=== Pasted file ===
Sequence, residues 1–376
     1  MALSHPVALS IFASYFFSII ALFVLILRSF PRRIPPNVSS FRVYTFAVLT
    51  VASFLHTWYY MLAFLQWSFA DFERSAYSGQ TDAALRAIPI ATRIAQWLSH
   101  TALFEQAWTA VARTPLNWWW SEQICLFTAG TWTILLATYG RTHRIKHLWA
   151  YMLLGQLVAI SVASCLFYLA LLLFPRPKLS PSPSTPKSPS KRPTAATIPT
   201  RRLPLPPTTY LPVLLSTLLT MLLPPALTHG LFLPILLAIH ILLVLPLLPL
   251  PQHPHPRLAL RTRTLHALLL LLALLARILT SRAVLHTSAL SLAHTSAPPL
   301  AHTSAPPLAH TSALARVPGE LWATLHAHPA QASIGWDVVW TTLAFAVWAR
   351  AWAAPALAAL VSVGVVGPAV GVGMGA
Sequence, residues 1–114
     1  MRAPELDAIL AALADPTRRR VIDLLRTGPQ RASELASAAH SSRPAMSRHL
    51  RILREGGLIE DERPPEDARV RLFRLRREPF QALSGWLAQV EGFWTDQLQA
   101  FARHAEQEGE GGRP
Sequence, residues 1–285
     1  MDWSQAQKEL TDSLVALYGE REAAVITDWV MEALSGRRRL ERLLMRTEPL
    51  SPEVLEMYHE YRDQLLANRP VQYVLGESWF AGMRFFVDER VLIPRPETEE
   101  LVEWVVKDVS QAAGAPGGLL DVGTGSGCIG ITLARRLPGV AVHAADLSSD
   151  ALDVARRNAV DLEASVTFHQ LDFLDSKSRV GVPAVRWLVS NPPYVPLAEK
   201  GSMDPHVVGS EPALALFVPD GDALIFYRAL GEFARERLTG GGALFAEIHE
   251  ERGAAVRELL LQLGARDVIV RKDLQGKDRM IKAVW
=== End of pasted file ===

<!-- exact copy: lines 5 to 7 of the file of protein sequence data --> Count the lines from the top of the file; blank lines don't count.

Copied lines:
   151  YMLLGQLVAI SVASCLFYLA LLLFPRPKLS PSPSTPKSPS KRPTAATIPT
   201  RRLPLPPTTY LPVLLSTLLT MLLPPALTHG LFLPILLAIH ILLVLPLLPL
   251  PQHPHPRLAL RTRTLHALLL LLALLARILT SRAVLHTSAL SLAHTSAPPL